“The pace of life feels morally dangerous to me.”–Richard Ford, novelist
“Time is on my side” –The Rolling Stones
As the New Year begins, I keep reflecting on Time. It runs through all of our lives–at work, at home, at play–in the ways we structure and conceive of our society and values. I used to think Mick Jagger could do no wrong. But, for better or worse, these days I think Richard Ford gets it right in describing our lives and current condition when it comes to the Big-T–Time.
I know that all too often we can’t help it (or ourselves) but in our contemporary technofied life, most of us don’t take nearly enough time for our friends and family. Too many Americans even feel guilty for taking time away from their Blackberries, cell phones, text messaging, overtime, frenetic pace and packed schedules. Forget smelling the proverbial roses–we’re so busy sprinting from Point A to Point B we don’t even spot them in the first place.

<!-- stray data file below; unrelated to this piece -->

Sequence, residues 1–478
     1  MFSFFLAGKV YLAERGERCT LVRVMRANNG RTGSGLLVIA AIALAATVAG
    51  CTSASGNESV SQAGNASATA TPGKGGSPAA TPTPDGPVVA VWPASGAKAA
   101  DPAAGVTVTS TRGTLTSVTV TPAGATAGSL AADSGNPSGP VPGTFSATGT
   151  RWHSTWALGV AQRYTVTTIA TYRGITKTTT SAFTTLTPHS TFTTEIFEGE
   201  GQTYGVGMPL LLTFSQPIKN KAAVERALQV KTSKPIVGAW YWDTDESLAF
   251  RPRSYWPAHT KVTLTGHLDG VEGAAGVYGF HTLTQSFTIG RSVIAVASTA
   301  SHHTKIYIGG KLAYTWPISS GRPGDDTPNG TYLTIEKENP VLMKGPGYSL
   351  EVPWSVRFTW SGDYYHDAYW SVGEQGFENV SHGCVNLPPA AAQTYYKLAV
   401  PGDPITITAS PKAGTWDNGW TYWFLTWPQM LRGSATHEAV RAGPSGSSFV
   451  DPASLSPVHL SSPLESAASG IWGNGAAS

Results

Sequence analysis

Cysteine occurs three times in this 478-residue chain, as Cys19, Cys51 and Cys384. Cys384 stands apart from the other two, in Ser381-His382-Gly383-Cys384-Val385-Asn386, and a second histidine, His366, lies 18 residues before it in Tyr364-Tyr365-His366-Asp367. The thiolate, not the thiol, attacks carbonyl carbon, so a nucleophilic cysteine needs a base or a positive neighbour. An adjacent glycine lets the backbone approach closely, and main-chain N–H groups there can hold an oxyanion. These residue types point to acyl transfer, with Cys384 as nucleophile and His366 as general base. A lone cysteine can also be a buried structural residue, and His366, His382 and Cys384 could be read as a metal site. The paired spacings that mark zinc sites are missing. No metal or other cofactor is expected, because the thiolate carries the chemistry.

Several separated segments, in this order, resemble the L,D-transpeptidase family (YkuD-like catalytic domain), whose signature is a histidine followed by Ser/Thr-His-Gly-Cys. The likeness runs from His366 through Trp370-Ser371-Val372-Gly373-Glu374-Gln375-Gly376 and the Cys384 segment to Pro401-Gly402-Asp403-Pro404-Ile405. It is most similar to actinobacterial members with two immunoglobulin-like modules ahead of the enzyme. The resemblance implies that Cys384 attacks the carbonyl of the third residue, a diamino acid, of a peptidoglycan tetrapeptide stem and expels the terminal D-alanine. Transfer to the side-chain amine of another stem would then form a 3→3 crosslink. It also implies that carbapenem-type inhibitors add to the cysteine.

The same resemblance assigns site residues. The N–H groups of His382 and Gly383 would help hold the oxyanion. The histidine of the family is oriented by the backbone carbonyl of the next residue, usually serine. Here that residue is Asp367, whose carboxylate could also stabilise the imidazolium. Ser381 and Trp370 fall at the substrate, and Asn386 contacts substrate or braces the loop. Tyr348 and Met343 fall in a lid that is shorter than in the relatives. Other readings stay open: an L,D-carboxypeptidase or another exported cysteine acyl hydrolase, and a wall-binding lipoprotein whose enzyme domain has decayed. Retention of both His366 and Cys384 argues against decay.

So the personal and political question is this: How might we craft a different attitude toward time–one that moves us toward a saner, more humane, more caring country?
In a wonderful book–In Praise of Slowness–journalist Carl Honoré explores the Slow Movement. The Slow Food aspect focuses on regional produce, sustainable agriculture, and taking time to enjoy meals with good company. And while it’s something to celebrate (as The Nation did in its first-ever food issue), what truly interests me are other parts of the Slow Movement–the thirty-five-hour work week; educators who advocate for a slower classroom pace and fewer extracurricular commitments; the importance of leisure activities (“the first principle of all action is leisure,” Aristotle argued); Tantric sex; and the Slow City movement that addresses everything from reducing traffic to providing family-run businesses with prime real estate to using local, organic produce for school lunches.
But here at home politically, personally, we seem headed in the opposite direction. A single mother working two jobs still finds herself without health insurance or the resources to rise from poverty–much less spend time with her family and friends. Workers lack paid vacation days or paid sick leave to care for themselves or family members. And the right to organize unions that might fight for commonsense time-friendly reforms is increasingly under attack.